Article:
On Tuesday, the Bipartisan Policy Center (BPC) released its long-awaited report on climate engineering, titled "Geoengineering: A National Strategic Plan for Research on the Potential Effectiveness, Feasibility, and Consequences of Climate Remediation Technologies." As its subtitle indicates, the idea behind this report is to provide a blueprint for initiating a systematic federal research program on climate engineering technologies. The report recommends a multi-agency research and development effort centrally coordinated by the White House Office of Science and Technology Policy (OSTP--incidentally, headed by John Holdren), with budgetary and program support from the Office of Management and Budget (OMB) and expert opinion and advice from a new advisory commission. This research program should support both SRM and CDR approaches, and should be tightly linked to international research efforts. No funding target is specified.

This plan is balanced and sensible, and aligns with previous proposals for federal climate engineering research programs. However, the authors of this plan stake out new ground both in presenting their recommendations as centrist and founded on broad political consensus, and in intending their report to jump start the creation of a federal research program. The key question is how the BPC and those who contributed to the report will follow up to implement its recommendations. The plan urges that "OSTP and OMB should begin working immediately to put together a coordinated program for SRM and CDR research that should be proposed as part of the president's fiscal year 2013 budget" (p. 17). How will this be achieved? Who will lead the way?

Sunday, October 2, 2011

IEA Promotes Industrial CCS, With Market Mechanisms

At a 2008 meeting in Japan, G8 ministers asked the International Energy Agency (IEA) to prepare a series of "technology roadmaps" that would facilitate the global transition to a green, clean energy economy. IEA subsequently produced the report "Technology Roadmap: Carbon Capture and Storage," which sketched out a detailed pathway for CCS to help achieve a 50 percent reduction in global emissions by 2050. This CCS roadmap, centered on applications in the power sector, has proven influential in government and industry circles.

Now IEA has released a second CCS roadmap, the "Technology Roadmap: Carbon Capture and Storage in Industrial Applications," focused on utilization of CCS in iron and steel, cement manufacturing, etc. One of the key findings is that "CCS could reduce CO2 emissions by up to 4.0 gigatonnes (Gt) annually by 2050 in industrial applications, accounting for about 9% of the reductions needed to halve energy-related CO2 emissions by 2050. To achieve this target, 20% to 40% of all facilities need to be equipped with CCS by 2050" (p. 5). As in the previous report, the roadmap presents a sequence of steps designed to reach this ambitious goal.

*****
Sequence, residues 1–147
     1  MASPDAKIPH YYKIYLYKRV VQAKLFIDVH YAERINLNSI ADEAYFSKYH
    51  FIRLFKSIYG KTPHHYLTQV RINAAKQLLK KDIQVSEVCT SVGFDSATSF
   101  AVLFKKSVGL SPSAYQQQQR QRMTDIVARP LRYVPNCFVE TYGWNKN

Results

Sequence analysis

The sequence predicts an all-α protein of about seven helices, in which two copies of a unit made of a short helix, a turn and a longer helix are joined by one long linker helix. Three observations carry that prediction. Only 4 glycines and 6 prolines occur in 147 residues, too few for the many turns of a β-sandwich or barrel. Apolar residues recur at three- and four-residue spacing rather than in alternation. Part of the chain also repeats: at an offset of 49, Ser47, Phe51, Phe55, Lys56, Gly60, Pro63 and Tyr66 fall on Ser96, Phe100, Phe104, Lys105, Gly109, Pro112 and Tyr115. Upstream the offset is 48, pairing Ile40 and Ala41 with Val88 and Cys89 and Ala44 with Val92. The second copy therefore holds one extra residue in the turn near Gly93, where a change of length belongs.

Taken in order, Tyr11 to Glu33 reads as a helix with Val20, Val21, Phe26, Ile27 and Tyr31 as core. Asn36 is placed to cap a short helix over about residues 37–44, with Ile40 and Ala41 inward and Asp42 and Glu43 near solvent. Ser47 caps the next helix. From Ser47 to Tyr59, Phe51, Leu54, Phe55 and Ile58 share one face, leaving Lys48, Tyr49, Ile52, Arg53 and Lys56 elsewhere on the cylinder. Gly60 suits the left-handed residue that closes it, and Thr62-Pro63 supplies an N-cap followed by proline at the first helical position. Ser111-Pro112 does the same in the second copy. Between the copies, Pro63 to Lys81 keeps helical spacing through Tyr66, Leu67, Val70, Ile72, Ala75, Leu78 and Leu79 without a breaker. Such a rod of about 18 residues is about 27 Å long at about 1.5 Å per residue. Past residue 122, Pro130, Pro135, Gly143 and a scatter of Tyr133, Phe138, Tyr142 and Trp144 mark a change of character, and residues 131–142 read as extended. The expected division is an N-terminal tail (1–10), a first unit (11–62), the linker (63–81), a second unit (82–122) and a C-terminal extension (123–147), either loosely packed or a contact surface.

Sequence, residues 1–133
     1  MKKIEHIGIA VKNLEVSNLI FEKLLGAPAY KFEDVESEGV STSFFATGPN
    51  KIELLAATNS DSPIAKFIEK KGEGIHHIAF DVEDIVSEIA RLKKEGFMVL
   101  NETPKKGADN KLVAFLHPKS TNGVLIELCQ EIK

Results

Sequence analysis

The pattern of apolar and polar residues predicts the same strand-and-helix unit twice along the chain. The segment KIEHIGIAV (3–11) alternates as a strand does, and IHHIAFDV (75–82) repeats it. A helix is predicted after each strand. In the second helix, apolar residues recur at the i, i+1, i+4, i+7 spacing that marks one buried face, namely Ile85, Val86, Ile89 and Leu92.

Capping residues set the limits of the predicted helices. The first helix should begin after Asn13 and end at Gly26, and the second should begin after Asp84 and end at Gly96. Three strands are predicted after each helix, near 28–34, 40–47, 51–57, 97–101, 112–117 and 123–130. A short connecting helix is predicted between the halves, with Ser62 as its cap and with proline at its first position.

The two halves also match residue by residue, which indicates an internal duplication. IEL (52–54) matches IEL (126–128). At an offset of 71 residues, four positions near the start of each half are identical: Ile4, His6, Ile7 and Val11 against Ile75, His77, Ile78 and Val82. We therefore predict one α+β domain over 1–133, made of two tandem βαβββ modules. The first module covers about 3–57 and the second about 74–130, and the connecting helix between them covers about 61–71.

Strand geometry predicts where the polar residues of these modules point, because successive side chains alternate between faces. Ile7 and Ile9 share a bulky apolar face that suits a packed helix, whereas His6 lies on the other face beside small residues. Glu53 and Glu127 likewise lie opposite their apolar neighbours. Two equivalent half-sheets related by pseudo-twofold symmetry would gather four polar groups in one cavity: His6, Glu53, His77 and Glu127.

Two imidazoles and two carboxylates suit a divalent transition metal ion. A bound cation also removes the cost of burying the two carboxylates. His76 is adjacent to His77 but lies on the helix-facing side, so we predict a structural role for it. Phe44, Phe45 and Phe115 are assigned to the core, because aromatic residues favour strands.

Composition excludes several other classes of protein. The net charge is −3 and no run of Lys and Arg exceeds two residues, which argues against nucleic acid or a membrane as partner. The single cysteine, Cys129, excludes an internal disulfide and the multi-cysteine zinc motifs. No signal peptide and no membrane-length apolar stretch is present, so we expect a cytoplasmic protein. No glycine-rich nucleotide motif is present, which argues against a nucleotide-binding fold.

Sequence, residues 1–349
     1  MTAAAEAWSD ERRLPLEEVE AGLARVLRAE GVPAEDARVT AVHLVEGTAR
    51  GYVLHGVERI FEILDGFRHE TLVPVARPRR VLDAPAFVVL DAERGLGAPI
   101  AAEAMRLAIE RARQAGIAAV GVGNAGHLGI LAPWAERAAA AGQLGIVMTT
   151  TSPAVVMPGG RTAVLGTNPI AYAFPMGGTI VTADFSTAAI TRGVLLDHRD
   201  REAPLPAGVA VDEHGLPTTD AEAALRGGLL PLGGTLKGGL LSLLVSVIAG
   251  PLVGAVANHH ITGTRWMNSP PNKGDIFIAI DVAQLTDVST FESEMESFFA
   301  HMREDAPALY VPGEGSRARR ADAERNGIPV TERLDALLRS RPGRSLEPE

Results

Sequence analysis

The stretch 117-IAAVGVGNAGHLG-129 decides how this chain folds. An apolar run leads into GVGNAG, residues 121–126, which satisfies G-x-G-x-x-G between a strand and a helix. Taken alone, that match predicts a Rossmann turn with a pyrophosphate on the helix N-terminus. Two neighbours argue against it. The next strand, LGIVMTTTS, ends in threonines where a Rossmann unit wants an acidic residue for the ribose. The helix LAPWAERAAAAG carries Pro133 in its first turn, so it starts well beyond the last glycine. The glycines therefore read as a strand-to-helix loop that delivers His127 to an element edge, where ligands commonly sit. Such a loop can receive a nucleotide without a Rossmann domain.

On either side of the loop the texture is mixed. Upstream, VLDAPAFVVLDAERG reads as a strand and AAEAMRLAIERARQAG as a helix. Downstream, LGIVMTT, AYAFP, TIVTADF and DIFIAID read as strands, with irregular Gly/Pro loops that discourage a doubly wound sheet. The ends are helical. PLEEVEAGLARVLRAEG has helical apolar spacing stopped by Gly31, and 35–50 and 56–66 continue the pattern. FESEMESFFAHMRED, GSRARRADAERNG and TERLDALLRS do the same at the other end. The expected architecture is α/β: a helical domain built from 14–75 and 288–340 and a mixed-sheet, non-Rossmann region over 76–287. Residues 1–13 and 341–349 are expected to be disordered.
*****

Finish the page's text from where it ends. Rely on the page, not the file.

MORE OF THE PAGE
Of particular note, the roadmap observes that "Governments and financiers need to ensure funding mechanisms are in place to support demonstration and deployment of CCS in developing countries, where the largest opportunities exist for CO2 capture in industrial applications" (p. 5). Furthermore, "If CCS can be implemented through the ... Clean Development Mechanism (CDM) or other new global climate mechanisms, the cost barrier could be partly overcome" (p.5). The UNFCCC Subsidiary Body for Scientific and Technological Advice (SBSTA) is currently grappling with a number of issues relating to inclusion of CCS in the CDM. Hopefully the publication of this latest roadmap will spur SBSTA members to finalize mechanisms for incorporating CCS, applied in multiple sectors, into the CDM and hence provide an important incentive for the accelerated adoption of this key carbon reduction technology.

Thursday, September 22, 2011

As SPICE Goes Up, CarbFix Goes Down

While the SPICE aerosol injection project continues to attract media attention, another important research effort is getting underway in Iceland. The experiment, known as CarbFix, seeks to test a novel carbon reduction method combining features of CCS and enhanced weathering. Specifically, the CarbFix project will separate CO2 from a geothermal power plant, add water to make "seltzer," and inject the carbonated water into an underground basalt formation. At depth, high pressure will convert the liquid to carbonic acid, which will then combine with the surrounding basalt to form limestone, "fixing" carbon into the rock on an essentially permanent basis. Reykjavik Energy and several partners will conduct this test over a six- to twelve-month period to assess the potential of CarbFix as a CDR strategy.

CarbFix represents something of a second try by Iceland to remake itself as a climate and energy technology pioneer. Prior to the country's 2008 economic collapse, Icelandic political and business leaders sought to position the island as a world leader in clean energy (particularly geothermal), with the goal of eliminating the nation's carbon footprint in the near future. Financial turmoil brought this to a halt. Now, with 90 percent of its subsurface composed of volcanic basalt, Iceland is returning to the energy frontier, this time with a climate engineering twist.

Tuesday, August 30, 2011

EPA Moves to Reduce Barriers to CCS